Find your winter oasis at Death Valley National Park

  • A sunrise like no other

    There are many places around our beautiful planet to watch a sunrise, but one of the most inspirational and world-renowned is the glorious sunrise at Zabriskie Point in Death Valley National Park. It’s the perfect beginning to a magical experience of discovering the resplendent beauty of Death Valley during the winter months, when the temperatures are cool and the desert shimmers under the winter sun.

    Photo courtesy of Joanne DiBona

  • Experience the lowest point in North America

    Badwater Basin in Death Valley is famous as the lowest point in North America, with a depth of 282 feet below sea level.  It's an amazing experience to walk out over the salt flats, which are actually dried-up desert lakes, and realize that you are standing far below sea level. Ironically, some 80 miles to the northwest you'll find another record-breaker, Mount Whitney, which at 14,505 feet is the highest point in the contiguous United States!

    Photo courtesy of Joanne DiBona

  • The historic Oasis at Death Valley reopens in grand style

    Originally built in 1927, the historic, four-diamond mission-style The Oasis at Death Valley had a grand reopening in November 2018 after a major $100 million dollar investment. The property, privately owned by Xanterra Travel Collection, features 66 elegantly updated rooms and 22 one-bedroom casitas.  It's also home to a fine dining restaurant and cocktail lounge, health spa, opulent gardens, and a stunning spring-fed pool (naturally at 85 degrees) bordered by a new pool café and numerous cabanas. 

    Photo courtesy of Joanne DiBona

  • A true desert oasis

    You’ll feel as if you've stepped back in time when you enter the lush landscape at The Oasis at Death Valley. Originally named Furnace Creek, it's a true American oasis where 80,000 gallons of ancient waters rise to the surface every day. Native Americans, prospectors, settlers and 49ers all knew about the water there. 

    Photo courtesy of Joanne DiBona

  • Relax in an historic spring-fed pool

    The tiled pool at The Oasis at Death Valley is a welcome throwback to the times when it served as the premier winter getaway spot for Hollywood celebrities such as Clark Gable and Ronald Reagan who wanted to soak in the mineral waters. You, too, can soak in these historic spring-fed waters, sample the treatments offered in the hotel spa, and seek midday shade under the cabanas. If so inclined, step into the state-of-the-art fitness center and keep your exercise goals on track.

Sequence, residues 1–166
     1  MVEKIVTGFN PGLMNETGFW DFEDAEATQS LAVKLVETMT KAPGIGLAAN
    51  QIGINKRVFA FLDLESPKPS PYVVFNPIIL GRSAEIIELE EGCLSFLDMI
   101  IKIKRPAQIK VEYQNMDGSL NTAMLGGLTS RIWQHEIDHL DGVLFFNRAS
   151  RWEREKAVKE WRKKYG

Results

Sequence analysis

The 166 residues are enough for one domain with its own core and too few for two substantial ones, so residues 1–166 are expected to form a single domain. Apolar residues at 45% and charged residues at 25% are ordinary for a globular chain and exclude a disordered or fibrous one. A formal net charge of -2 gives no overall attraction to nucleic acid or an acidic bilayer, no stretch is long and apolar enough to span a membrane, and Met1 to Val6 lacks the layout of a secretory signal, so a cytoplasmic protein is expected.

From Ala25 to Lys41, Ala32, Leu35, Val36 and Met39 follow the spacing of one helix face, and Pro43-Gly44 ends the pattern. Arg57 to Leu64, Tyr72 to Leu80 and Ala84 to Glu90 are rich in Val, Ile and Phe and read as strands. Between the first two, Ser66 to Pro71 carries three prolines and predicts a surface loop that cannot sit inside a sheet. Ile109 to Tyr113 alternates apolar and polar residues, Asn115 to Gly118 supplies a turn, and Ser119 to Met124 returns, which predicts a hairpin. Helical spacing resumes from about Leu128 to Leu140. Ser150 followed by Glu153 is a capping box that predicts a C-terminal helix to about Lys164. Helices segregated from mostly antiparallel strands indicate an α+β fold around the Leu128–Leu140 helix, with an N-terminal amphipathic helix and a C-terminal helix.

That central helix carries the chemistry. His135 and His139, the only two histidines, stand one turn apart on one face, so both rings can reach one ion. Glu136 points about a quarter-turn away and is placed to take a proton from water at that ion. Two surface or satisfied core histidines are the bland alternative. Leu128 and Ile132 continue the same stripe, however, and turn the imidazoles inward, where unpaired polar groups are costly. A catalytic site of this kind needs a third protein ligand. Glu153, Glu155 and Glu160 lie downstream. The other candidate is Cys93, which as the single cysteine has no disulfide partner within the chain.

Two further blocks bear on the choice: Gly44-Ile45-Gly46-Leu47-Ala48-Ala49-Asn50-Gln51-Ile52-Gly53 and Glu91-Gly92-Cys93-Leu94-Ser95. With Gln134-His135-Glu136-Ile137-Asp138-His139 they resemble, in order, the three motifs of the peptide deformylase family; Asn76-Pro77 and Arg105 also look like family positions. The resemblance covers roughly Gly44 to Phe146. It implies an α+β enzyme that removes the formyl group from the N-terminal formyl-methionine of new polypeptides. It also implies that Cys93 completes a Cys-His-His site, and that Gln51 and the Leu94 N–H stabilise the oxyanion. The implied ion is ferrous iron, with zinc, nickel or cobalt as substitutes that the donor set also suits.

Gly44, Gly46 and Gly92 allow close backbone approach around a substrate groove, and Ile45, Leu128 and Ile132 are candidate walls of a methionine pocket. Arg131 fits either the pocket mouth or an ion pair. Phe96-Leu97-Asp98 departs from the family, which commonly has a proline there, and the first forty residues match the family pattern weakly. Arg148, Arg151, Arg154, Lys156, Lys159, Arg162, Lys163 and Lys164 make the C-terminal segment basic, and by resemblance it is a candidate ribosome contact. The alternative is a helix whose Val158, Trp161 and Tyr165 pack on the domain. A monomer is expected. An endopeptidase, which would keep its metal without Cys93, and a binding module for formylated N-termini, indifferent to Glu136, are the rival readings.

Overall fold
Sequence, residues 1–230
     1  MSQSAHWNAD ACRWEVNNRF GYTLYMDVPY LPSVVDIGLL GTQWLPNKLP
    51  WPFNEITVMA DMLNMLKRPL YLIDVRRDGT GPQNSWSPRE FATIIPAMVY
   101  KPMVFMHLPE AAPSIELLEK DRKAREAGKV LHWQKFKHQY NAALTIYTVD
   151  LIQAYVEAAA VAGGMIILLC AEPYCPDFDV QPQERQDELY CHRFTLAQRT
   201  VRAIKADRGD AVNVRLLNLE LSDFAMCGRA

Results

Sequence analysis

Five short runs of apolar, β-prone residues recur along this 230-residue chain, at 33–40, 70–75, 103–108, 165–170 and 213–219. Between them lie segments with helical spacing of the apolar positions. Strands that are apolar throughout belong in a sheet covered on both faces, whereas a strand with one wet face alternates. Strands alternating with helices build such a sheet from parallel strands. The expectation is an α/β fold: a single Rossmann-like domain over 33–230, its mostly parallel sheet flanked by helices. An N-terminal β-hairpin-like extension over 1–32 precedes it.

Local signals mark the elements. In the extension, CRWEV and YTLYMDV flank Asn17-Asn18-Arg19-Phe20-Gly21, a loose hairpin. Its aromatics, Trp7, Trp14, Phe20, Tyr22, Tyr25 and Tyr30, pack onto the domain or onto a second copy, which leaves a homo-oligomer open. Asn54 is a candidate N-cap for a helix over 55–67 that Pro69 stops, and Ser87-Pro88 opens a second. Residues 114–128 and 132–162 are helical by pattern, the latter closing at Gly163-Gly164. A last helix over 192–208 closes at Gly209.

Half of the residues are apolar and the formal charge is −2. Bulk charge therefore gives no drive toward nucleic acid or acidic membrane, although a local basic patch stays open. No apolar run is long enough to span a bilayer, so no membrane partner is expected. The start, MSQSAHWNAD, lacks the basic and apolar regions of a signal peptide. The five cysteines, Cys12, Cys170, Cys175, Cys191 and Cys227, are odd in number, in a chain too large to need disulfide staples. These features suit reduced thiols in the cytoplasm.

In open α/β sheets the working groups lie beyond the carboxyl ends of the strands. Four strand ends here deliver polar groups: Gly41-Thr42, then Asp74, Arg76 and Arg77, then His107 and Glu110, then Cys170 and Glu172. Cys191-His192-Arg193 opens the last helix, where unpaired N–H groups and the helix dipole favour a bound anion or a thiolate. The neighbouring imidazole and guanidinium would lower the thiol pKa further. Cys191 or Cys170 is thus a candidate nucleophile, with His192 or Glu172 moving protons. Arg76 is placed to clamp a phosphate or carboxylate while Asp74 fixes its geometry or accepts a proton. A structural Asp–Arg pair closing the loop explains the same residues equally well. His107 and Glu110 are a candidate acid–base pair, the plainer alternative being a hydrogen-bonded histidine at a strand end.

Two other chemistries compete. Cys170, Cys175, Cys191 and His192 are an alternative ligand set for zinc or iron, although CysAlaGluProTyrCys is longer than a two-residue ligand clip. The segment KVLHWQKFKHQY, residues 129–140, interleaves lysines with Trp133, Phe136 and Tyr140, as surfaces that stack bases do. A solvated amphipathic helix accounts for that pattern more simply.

Photo courtesy of Joanne DiBona

  • Somewhere over the rainbow

    Rainbows are quite rare in Death Valley, However, if you are lucky, as we were, a quick storm through the valley in the winter months will result in a seldom-seen rainbow that enhances the spectacular valley view.

    Photo courtesy of Joanne DiBona

  • A hiker's paradise

    Winter is the perfect time to hike the colorful canyons of Death Valley. The temperature can fluctuate greatly during the winter months, so be sure to dress in layers and bring plenty of water on your trek.

    Photo courtesy of Joanne DiBona

  • Borax: Death Valley gold

    The Harmony Borax Works, listed on the National Register of Historic Places, are located at Furnace Creek Springs in Death Valley National Park.  Borax, a mineral with a wide variety of uses even to this day was discovered here in 1881.  The iconic "Twenty Mule Team" of historic fame hauled borax from the desert to the closest railroad in Mojave, California. This mineral was worth its weight in gold during the 19th and 20th centuries.

    Photo courtesy of Tony DiBona

  • Star light, star bright

    Death Valley is one of only eight designated "gold tier" International Dark Sky Parks in the United States where stargazers can actually see the Milky Way with the naked eye.  If you're planning your trip specifically around night sky viewing, check the moon calendar.  Stars are best viewed on moonless nights.

    Photo courtesy of Xanterra Travel Collection

  • Kid's corner

    Parents with children may not immediately think of Death Valley as a family destination, but there are actually quite a variety of activities available for kids of all ages. Some of these include scaling the sand dunes, discovering natural bridges, trekking along hiking paths past spectacular scenery, experiencing a horseback ride, and visiting a crater. The Furnace Creek Visitors Center also offers hands-on exhibits of interest for children, so plan to stop by on your travels through the park for the opportunity to learn more about this fascinating region.